It looks like my candidate of choice, Barack Obama, sailed to an easy victory over Hillary Clinton tonight in the Wisconsin primary. That’s good news, as far as I’m concerned. I’m also glad to see John McCain taking a decisive victory over Mike Huckabee (sorry, I refuse to provide a link), even though I still find it disturbing that 37% of the voters in the Republican primary were willing to support a candidate who proudly professes his disbelief in evolution. I don’t really want McCain to win the general election, and I know he’ll pose a much tougher challenge to the Democratic nominee than any of the other Republicans could hope to, but I can live with a McCain presidency. If someone as willfully ignorant as Huckabee won, though, I might just have to move to Canada. (And that’s a promise I couldn’t even keep when Bush got re-elected.)
When I saw that Huckabee 37% number, I also noticed the stunning disparity in total number of Democratic vs. Republican voters in said primary:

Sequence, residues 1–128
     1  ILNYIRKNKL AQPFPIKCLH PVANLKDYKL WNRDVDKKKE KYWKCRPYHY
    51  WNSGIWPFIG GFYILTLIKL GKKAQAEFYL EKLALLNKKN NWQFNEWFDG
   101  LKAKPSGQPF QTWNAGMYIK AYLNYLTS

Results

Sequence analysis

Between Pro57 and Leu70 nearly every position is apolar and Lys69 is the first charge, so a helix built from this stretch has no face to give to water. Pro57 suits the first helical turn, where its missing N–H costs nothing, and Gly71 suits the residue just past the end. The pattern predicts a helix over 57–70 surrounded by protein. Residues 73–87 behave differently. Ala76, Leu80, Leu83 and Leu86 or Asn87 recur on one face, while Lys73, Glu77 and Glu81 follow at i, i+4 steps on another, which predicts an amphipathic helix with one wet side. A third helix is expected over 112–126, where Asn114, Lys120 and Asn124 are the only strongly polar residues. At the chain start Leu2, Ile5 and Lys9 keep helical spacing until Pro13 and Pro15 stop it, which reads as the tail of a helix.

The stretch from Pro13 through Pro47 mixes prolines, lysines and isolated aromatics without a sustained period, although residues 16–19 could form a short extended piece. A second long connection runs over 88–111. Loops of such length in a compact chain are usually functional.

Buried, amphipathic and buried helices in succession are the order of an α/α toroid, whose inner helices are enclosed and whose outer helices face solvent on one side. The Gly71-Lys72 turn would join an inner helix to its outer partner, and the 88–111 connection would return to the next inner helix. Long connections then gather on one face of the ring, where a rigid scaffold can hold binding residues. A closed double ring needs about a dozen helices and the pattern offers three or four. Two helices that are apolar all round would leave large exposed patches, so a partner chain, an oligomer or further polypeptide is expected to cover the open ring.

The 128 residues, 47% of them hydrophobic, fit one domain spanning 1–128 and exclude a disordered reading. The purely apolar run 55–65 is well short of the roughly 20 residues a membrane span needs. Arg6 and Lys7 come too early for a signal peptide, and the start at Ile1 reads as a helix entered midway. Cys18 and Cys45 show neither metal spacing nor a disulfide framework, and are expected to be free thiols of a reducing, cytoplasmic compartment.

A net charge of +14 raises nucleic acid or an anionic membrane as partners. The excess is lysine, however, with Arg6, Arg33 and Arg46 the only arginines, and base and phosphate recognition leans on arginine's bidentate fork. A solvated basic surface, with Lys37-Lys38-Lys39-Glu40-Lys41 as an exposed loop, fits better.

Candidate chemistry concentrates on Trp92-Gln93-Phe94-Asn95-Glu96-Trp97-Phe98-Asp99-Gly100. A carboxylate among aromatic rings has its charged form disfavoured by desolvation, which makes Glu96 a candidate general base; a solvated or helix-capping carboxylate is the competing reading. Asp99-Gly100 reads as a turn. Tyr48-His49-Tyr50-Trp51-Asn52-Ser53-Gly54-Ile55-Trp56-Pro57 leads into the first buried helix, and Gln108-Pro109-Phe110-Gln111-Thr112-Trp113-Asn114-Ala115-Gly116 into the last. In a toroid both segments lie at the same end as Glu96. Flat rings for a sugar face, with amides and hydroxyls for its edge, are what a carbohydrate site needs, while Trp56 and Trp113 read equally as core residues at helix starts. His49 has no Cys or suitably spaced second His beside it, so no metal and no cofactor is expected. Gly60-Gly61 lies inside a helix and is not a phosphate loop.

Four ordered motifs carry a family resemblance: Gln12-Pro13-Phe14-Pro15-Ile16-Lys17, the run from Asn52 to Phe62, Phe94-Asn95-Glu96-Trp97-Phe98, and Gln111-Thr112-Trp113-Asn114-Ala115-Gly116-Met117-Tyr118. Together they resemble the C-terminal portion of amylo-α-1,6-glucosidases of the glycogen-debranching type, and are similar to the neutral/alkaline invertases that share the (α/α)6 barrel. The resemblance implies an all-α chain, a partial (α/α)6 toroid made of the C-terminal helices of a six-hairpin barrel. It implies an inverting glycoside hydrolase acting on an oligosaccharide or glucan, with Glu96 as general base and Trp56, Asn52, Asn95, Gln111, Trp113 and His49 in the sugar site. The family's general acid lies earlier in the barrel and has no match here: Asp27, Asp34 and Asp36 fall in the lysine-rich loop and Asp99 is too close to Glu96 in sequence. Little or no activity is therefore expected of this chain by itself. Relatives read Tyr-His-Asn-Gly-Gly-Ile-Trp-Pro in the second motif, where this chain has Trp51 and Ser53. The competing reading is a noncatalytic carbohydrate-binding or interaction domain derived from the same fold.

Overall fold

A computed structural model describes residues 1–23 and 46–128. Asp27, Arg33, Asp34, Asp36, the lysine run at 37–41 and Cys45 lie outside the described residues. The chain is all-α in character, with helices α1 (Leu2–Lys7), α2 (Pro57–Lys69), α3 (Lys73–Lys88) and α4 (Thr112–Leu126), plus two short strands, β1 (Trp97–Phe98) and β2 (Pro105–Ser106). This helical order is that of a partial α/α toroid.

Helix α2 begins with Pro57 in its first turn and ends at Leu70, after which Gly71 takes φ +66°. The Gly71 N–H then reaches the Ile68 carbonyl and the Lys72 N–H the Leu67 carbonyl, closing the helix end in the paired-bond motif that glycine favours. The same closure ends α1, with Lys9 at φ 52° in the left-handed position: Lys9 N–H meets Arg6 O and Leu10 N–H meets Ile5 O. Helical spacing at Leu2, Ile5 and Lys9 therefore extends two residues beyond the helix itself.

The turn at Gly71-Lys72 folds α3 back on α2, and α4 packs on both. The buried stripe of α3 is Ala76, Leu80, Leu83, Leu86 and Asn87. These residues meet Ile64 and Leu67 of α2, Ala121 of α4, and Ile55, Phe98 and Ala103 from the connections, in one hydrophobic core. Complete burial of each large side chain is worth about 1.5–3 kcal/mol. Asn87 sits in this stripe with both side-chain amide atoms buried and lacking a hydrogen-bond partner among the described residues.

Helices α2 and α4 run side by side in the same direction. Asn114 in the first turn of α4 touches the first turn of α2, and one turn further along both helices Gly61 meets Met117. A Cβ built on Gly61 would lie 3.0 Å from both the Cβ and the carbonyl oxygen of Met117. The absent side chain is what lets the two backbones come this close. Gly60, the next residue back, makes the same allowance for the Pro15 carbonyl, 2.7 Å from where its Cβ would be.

I know Democrats have been turning out in higher numbers than Republicans this year, and that Wisconsin, although generally considered a “battleground” state, has tended to lean ever-so-slightly left or, if you must, “blue.” But still, this is a huge difference: Hillary Clinton, the decisive loser in the Democratic race, garnered more than twice the number of votes as the winner of the Republican race.
Tally up the total number of votes (with 92% of precincts reporting), and the Democrats had nearly 1,000,000 votes, while the Republicans just scraped above 370,000.
Again, I’m sure there are several contributing factors that increased this year’s Democratic turnout (and decreased Republican turnout), but I think we should not gloss over the fact that the electorate is skewing this strongly to the Democrats. I would have to do some research on how primary voting has split between the parties in past elections before coming to any grandiose (or paranoid) conclusions about all of this, but for now I will just make a mental note of the state of affairs here in February, and compare results come November.